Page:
Also Known As: Stavudine, Stavudine, Zerit

Stavudine (2'-3'-didehydro-2'-3'-dideoxythymidine, d4T, brand name Zerit) is a nucleoside analog reverse transcriptase inhibitor (NARTI) active against HIV.

Stavudine was first synthetized in the sixties by Jerome Horwitz.[1][2] It was subsequently reconsidered as an anti-HIV agent by the Rega Institute for Medical Research in Belgium. Stavudine was approved by the U.S. Food and Drug Administration (FDA) on June 24, 1994 for adults and on September 6, 1996 for pediatric use and again as an extended-release version for once-a-day dosing in 2001. The fourth antiretroviral drug on the market, its patent expired in the United States on 2008-06-25.

Stavudine is an analog of thymidine. It is phosphorylated by cellular kinases into active triphosphate. Stavudine triphosphate inhibits the HIV reverse transcriptase by competing with natural substrate, thymidine triphosphate. It also causes termination of DNA synthesis by incorporating into it.

Simultaneous use of zidovudine is not recommended, as it can inhibit the intracellular phosphorylation of stavudine. Other anti-HIV drugs do not possess this property.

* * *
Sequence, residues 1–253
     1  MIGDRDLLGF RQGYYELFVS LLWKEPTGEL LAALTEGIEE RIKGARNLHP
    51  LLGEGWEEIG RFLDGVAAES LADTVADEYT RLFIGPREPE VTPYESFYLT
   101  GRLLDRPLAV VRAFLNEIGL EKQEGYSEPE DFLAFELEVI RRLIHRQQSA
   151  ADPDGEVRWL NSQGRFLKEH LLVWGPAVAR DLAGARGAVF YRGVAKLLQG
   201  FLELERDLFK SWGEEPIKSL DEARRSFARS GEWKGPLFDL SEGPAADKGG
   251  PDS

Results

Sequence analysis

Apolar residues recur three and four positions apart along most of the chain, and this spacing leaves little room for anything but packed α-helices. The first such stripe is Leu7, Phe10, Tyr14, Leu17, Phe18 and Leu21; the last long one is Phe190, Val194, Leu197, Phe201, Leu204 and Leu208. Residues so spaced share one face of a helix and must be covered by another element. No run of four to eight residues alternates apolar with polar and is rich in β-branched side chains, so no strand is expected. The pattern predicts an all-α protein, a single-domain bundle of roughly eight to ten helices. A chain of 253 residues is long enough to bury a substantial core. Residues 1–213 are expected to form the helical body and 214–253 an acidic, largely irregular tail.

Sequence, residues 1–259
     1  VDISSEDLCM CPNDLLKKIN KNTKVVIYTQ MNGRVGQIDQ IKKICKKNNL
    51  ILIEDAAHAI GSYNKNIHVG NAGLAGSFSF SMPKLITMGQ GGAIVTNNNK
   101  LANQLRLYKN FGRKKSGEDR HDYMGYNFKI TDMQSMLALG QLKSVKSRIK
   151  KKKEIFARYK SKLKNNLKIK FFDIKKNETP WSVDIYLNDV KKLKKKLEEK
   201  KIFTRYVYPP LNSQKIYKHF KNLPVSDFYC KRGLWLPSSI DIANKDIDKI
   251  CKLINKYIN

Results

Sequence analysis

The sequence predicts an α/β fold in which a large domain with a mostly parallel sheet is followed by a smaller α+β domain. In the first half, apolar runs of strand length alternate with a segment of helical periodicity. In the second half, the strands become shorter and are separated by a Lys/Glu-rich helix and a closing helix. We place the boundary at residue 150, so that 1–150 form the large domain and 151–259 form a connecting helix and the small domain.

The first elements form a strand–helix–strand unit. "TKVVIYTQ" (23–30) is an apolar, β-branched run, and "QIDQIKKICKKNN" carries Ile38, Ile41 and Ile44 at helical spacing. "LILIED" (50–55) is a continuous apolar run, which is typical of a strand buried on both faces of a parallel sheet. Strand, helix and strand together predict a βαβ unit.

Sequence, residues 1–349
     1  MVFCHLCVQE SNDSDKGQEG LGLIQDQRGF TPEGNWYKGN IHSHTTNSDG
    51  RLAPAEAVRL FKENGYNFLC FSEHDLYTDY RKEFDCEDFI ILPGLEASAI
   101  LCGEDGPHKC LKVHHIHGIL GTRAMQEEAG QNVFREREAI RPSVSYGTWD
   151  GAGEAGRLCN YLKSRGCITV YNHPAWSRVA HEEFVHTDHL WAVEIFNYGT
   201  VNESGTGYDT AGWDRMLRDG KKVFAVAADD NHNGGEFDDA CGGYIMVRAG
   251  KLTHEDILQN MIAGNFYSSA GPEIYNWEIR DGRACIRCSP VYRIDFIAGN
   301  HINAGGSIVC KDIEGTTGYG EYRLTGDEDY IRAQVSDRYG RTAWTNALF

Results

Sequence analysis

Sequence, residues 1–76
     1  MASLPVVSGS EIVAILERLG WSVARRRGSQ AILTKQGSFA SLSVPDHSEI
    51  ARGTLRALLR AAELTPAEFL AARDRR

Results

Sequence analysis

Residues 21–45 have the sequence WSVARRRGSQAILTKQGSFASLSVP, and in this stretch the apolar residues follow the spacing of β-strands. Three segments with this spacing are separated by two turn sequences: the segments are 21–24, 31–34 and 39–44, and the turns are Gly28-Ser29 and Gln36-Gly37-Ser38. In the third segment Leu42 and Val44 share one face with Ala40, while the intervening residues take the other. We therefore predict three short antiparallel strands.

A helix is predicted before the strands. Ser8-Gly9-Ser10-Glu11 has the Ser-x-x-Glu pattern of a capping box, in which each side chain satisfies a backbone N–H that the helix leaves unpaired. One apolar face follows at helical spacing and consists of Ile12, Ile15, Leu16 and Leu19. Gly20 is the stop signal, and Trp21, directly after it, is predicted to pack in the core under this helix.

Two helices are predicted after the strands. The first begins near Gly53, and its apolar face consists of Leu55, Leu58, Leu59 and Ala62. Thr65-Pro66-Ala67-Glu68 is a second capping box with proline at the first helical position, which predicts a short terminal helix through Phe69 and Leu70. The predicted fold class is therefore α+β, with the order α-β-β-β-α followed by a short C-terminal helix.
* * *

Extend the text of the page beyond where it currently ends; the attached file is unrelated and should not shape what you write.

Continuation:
Print this Page

All Treatments

Average Effectiveness

This is the Average effectiveness per ailment as reported by our participants (you).

  • 0 = No improvement or Worse
  • 1 = Slight improvement
  • 2 = Moderate Improvement
  • 3 = Significant Improvement
  • 4 = Cured

Order By

Type of Treatment

Date Range

Minimum Number of Users

Complete a survey on Stavudine to help the CureCrowd community

If you have tried to treat this ailment, please complete the following form to help us better our data, and help guide people to the best possible treatments. CureCrowd is a public resource with absolutely no vested interest in the outcomes of our studies.